|Publication number||US5200377 A|
|Application number||US 07/844,192|
|Publication date||Apr 6, 1993|
|Filing date||Mar 2, 1992|
|Priority date||May 25, 1988|
|Publication number||07844192, 844192, US 5200377 A, US 5200377A, US-A-5200377, US5200377 A, US5200377A|
|Inventors||Stacey I. Zones, Dennis L. Holtermann, Robert A. Innes|
|Original Assignee||Chevron Research And Technology Company|
|Export Citation||BiBTeX, EndNote, RefMan|
|Patent Citations (7), Referenced by (34), Classifications (22), Legal Events (3)|
|External Links: USPTO, USPTO Assignment, Espacenet|
This application is a continuation of application Ser. No. 198,414, filed May 25, 1988 now abandoned.
Natural and synthetic zeolitic crystalline aluminosilicates are useful as catalysts and adsorbents. These aluminosilicates have distinct crystal structures which are demonstrated by X-ray diffraction. The crystal structure defines cavities and pores which are characteristic of the different species. The adsorptive and catalytic properties of each crystalline aluminosilicate are determined in part by the dimensions of its pores and cavities. Thus, the utility of a particular zeolite in a particular application depends at least partly on its crystal structure.
Because of their unique molecular sieving characteristics, as well as their catalytic properties, crystalline aluminosilicates are especially useful in such applications as gas drying and separation and hydrocarbon conversion. Although many different crystalline aluminosilicates and silicates have been disclosed, there is a continuing need for new zeolites and silicates with desirable properties for gas separation and drying, hydrocarbon and chemical conversions, and other applications.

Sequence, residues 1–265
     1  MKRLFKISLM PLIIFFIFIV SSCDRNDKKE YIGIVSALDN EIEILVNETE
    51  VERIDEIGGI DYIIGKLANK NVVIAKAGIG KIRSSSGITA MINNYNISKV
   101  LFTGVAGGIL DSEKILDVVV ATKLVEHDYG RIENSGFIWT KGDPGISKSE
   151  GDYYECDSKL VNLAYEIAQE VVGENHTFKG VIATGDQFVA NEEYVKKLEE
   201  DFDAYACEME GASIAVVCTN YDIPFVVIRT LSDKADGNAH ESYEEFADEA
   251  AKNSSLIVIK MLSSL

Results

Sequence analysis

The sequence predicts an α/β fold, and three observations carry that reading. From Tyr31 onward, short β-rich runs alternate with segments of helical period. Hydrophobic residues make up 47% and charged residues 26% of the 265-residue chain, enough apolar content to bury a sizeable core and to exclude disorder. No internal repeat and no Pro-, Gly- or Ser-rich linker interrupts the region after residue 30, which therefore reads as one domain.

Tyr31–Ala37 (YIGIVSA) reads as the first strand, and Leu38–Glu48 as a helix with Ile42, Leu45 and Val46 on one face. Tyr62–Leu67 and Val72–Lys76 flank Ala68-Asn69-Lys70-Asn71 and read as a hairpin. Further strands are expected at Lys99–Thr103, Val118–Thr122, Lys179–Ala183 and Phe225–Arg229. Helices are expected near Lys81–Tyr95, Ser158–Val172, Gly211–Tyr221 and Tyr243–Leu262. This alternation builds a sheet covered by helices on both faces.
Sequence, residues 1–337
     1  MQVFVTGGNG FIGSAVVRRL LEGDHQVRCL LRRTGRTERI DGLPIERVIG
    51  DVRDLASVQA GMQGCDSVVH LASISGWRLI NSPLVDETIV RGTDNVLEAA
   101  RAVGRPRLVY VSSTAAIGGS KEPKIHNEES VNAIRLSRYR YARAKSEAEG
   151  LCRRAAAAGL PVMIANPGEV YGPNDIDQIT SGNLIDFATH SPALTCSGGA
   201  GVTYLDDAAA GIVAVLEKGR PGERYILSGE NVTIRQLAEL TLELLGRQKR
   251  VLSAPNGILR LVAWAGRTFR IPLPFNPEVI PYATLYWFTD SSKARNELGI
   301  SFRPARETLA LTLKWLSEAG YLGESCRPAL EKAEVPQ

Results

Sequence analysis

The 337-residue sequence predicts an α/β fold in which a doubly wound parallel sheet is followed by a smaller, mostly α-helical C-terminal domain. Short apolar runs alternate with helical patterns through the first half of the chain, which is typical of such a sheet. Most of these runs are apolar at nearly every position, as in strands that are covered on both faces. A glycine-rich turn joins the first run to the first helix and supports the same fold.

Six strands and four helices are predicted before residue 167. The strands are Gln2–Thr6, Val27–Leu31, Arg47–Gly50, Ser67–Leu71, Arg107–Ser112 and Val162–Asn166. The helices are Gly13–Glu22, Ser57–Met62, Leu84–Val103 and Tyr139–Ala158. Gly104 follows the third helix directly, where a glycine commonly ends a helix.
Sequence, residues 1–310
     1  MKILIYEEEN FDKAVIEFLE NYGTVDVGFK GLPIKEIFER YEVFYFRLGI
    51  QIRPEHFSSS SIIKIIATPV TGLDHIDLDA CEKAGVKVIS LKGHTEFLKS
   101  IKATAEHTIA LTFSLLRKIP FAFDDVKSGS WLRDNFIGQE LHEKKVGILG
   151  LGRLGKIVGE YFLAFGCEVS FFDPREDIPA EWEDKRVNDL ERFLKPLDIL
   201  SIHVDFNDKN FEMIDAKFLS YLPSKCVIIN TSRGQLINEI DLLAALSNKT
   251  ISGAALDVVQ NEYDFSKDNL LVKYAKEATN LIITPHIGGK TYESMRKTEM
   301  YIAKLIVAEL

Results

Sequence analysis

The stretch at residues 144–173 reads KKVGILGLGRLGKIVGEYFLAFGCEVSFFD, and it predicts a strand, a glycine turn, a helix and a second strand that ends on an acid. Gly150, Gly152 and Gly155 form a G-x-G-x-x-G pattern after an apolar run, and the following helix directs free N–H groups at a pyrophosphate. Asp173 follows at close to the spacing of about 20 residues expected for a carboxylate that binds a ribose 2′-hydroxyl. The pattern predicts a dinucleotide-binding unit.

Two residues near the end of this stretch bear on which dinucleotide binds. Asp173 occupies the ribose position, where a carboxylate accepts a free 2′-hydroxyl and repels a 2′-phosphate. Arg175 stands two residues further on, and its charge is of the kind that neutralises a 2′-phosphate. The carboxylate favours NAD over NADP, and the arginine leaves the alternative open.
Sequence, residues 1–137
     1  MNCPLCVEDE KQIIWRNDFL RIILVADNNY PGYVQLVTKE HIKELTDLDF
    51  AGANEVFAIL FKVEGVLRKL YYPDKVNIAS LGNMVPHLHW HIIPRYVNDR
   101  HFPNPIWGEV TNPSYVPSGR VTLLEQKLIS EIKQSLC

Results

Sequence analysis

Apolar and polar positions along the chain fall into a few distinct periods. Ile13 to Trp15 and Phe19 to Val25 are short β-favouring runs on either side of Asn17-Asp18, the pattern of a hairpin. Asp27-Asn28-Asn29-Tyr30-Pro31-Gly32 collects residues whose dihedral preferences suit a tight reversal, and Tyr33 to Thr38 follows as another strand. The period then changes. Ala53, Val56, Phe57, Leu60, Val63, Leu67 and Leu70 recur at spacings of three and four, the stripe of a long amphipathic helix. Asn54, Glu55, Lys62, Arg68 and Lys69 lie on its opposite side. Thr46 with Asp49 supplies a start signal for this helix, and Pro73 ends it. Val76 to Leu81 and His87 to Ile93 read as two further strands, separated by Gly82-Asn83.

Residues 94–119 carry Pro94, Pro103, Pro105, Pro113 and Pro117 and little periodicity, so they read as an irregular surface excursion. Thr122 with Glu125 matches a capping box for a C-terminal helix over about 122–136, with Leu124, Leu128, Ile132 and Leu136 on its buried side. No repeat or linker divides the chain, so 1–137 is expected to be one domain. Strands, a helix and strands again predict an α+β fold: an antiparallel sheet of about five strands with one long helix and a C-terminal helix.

Crystalline aluminosilicates are usually prepared from aqueous reaction mixtures containing alkali or alkaline earth metal oxides, silica, and alumina. "Nitrogenous zeolites" have been prepared from reaction mixtures containing an organic templating agent, usually a nitrogen-containing organic cation. By varying the synthesis conditions and the composition of the reaction mixture, different zeolites can be formed using the same templating agent. Use of N,N,N-trimethyl cyclopentylammonium iodide in the preparation of Zeolite SSZ-15 molecular sieve is disclosed in U.S. Pat. No. 4,610,854; use of 1-azoniaspiro[4.4]nonyl bromide and N,N,N-trimethyl neopentylammonium iodide in the preparation of a molecular sieve termed "Losod" is disclosed in Helv. Chim. Acta (1974), Vol. 57, page 1533 (W. Sieber and W. M. Meier); use of quinuclidinium compounds to prepare a zeolite termed "NU-3" is disclosed in European Patent Publication No. 40016; use of 1,4-di(1-azoniabicyclo[2.2.2.]octane) lower alkyl compounds in the preparation of Zeolite SSZ-16 molecular sieve is disclosed in U.S. Pat. No. 4,508,837; use of N,N,N-trialkyl-1-adamantamine in the preparation of zeolite SSZ-13 molecular sieve is disclosed in U.S. Pat. No. 4,544,538.
We have prepared a family of crystalline aluminosilicate molecular sieves with unique properties, referred to herein as "Zeolite SSZ-28", or simply "SSZ-28", and have found a highly effective method for preparing SSZ-28.